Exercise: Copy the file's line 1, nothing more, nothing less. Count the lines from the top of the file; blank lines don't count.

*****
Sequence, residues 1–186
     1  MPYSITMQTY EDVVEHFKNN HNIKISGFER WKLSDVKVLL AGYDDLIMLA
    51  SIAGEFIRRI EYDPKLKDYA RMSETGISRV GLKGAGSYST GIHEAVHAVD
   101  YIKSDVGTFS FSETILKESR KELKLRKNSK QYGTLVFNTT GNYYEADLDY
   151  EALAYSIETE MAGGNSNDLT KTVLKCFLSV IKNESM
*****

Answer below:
Sequence, residues 1–186